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basket full of produce

Local First Arizona
Local First Arizona is committed to building community and economic development across Arizona. Their work connects people and locally-owned businesses to build a diverse, inclusive and prosperous Arizona economy. Funding from their Healthy Communities grant will support the South Phoenix Healthy Food Entrepreneur Center which aims to strengthen the food system in South Phoenix by working with farmers in a commercial kitchen incubator to develop strategies for growing their food businesses. Local First aims to increase local food production, diversify locally grown offerings, and connect growers to markets across South Phoenix where they can sell their fresh produce while helping to strengthen the local economy.

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people shopping in the common market

The Common Market
The Common Market connects communities with sustainable family farms, building an interdependent distribution network that empowers small producers and provides food procurement practices that are socially and environmentally sound. The organization’s Food Access Fund provides discounted pricing on healthy food purchases to mission-driven organizations committed to alleviating food insecurity in their communities. The primary beneficiaries of this program are low-income, urban communities where access to healthy fresh food is scarce, hunger is high, and diet-related diseases are prevalent. The Common Market estimates that 150,000 individuals will receive nutrition assistance this year through the Fund.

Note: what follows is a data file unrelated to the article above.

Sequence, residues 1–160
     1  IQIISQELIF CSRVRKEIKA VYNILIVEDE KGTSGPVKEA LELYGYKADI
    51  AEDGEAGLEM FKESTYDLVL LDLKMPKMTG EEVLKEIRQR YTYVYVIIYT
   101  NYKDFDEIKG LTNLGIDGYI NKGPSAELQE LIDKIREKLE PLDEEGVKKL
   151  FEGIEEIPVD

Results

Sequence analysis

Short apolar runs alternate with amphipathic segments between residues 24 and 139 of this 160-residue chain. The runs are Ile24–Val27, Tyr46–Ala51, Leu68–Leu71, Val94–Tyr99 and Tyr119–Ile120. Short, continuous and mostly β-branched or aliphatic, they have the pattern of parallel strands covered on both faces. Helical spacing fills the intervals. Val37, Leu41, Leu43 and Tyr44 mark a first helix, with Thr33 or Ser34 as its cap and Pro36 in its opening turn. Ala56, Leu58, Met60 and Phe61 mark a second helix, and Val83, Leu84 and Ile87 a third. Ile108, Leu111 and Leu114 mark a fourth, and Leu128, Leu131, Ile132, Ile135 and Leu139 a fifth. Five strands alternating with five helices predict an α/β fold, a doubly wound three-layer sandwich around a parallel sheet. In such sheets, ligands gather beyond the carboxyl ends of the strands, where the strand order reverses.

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kids tasting food

First Place AZ
First Place AZ is a community-integrated living center, where young adults with autism and other neuro-abilities learn independent living skills, with a goal of living on their own. The Sprouts Healthy Communities Foundation has invested in age/ability-appropriate nutrition education, cooking classes and a community gardening program at First Place AZ. In 2019, with grant funding from Sprouts, award-winning chef, Charlene Badman, hosted monthly cooking and gardening classes for residents at First Place AZ and succeeded in building out a loyal following with the desire and interest to do more. Funding from Sprouts will support the existing cooking, nutrition and gardening programs at First Place AZ and will allow for the expansion of the gardening program to two additional residential sites.